1971: Beyond Borders review- Director rehashes his own earlier films

Mohanlal’s performance comes as a saving grace

Source: SIFY

By: Moviebuzz

Critic's Rating: 3/5

Saturday 08 April 2017

Movie Title

1971: Beyond Borders review- Director rehashes his own earlier films


Major Ravi

Star Cast

Mohanlal, Asha Sarath, Arunoday Singh, Allu Sirish

There may be some specific patterns that war films anywhere usually follow but Major Ravi’s 1971: Beyond Borders  rehashes his own earlier films with some minor additions here and there.

The story begins with Mammootty narrating in his baritone about how wars are often not based on ideologies but on personal greed and egos of those in power. But it is not clear what the relevance of the statement is, considering that the storyline barely explains it all.

Colonel Mahadevan (Mohanlal) whom we have seen in the earlier episodes like Keerthi Chakra, Kurukshetra and Kandahar is fighting for the UN troops in Georgia, where he saves the life of a Pakistani Colonel named Ajmal.

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Now begins the scenes of camaraderie between Indian and Pakistani soldiers. It is made clear with lines like “humanity supersedes everything”. The point is that the soldiers on either side are there ready to die for their motherland and the personal rivalries has to end in the battlefield.

It is revealed during the Battle Honours Day that Mahadevan’s father, Major Sahadevan (Mohanlal again) fought a battle against Ajmal’s father, Mohammed Akram Raja (Arunoday Singh), in the 1971 Indo-Pak war.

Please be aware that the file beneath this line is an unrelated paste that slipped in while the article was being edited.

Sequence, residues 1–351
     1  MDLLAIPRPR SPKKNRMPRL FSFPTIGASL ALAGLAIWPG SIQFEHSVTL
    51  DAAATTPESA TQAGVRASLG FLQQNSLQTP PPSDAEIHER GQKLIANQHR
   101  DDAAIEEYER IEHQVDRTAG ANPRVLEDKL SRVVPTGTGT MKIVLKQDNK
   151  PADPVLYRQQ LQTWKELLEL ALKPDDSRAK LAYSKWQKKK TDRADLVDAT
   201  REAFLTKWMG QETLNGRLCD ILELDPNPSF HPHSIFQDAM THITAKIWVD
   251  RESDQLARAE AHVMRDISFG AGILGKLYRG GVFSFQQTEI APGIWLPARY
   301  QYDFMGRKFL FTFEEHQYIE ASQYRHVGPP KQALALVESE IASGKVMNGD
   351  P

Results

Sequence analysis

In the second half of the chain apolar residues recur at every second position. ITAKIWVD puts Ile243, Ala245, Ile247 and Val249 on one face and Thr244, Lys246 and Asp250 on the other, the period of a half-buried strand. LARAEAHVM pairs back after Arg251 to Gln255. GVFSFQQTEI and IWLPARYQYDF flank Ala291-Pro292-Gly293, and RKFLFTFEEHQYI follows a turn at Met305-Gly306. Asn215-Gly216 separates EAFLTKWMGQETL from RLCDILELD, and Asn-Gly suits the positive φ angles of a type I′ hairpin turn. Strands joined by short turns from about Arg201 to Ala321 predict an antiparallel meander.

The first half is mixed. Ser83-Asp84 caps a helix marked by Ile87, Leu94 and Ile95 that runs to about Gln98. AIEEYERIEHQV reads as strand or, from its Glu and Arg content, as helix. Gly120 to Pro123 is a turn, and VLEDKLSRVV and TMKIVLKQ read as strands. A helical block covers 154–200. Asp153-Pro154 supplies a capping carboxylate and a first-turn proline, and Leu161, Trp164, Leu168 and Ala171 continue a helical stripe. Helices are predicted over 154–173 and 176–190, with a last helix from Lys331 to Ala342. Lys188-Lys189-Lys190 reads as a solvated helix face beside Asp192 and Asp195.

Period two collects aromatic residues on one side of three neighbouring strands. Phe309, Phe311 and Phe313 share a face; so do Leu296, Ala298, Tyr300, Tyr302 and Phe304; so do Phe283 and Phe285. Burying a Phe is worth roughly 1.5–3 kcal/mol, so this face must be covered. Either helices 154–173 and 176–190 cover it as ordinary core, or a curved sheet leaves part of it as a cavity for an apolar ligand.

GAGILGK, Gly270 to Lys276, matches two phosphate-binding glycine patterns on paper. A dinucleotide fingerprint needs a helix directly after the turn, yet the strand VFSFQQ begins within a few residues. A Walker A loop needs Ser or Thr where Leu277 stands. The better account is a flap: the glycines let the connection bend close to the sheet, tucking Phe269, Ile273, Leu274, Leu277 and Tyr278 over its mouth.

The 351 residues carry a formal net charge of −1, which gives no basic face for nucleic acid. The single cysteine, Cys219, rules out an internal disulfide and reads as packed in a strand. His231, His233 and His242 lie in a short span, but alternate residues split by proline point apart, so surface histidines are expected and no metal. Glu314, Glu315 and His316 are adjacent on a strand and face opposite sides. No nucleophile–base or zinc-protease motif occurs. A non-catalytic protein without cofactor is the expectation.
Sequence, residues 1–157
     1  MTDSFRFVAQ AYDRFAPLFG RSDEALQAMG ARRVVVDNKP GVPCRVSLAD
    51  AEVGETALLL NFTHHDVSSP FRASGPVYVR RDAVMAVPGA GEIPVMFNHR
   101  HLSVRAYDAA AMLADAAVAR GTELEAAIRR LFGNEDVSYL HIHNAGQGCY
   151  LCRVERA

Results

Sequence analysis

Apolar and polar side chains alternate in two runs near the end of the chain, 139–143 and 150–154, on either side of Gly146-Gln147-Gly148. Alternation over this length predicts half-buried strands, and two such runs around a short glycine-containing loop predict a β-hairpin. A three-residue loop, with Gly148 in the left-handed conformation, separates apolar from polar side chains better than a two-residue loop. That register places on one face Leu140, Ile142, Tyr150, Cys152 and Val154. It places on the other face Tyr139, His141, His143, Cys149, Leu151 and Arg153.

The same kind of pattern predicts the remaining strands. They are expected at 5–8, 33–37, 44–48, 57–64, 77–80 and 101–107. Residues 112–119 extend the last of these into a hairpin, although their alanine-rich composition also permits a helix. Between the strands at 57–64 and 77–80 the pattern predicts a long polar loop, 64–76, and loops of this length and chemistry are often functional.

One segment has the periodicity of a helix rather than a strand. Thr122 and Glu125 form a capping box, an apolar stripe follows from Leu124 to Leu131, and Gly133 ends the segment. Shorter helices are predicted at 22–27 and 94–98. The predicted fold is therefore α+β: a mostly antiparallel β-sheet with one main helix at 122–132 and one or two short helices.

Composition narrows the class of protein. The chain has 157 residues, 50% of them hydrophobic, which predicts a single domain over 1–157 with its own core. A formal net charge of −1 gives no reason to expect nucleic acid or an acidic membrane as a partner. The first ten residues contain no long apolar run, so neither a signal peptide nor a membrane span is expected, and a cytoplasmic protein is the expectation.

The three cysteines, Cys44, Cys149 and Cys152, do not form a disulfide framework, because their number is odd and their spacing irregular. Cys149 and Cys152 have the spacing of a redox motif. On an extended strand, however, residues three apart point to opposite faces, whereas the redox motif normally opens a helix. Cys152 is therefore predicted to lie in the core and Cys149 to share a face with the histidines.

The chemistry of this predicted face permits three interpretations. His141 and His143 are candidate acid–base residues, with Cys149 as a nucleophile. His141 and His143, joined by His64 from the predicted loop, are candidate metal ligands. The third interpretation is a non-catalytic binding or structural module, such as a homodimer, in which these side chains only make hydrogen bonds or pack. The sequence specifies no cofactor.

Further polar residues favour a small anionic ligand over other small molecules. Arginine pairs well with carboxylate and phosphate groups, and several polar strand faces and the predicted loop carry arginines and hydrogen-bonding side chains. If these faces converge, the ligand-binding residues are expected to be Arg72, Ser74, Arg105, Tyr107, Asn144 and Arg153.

Now Brigadier Sahadevan narrates the story that happened some decades back.

He, as a Major then, was leading the Indian attack for the Grenadiers division at the war zone. There are some brave soldiers who gets special attention, like Chinmay (Allu Sirish). We wouldn’t discuss more, though there are not many surprises in store, considering the repetitive tone, excessive drama and the rather ordinary writing.

Though it is not clear about the historical accuracy of the events, there are some efforts to include certain prejudices in between.

Here is one such example. A Muslim is welcomed to a temple by Sahadevan, before he and his friends start drinking in the premises. Just as you are impressed by his secular outlook, Sahadevan chides a Hindu man who opposes this and says this, “It has not been long before people like you were allowed entry into the temple.

Though he is pretty out of shape to play a hard working soldier, Mohanlal looks genuine and convincing with his dedication and charm. Asha Sarath, who plays his wife, has a limited role to play. Arunoday Singh and Allu Sirish are likeable.

1971: Beyond Borders has been made in the same template as his earlier war films, but there is a definite effort from Major Ravi to show a humane angle here. Though the script is a letdown, Mohanlal’s performance comes as a saving grace.

1971: Beyond Borders review-Verdict: Average

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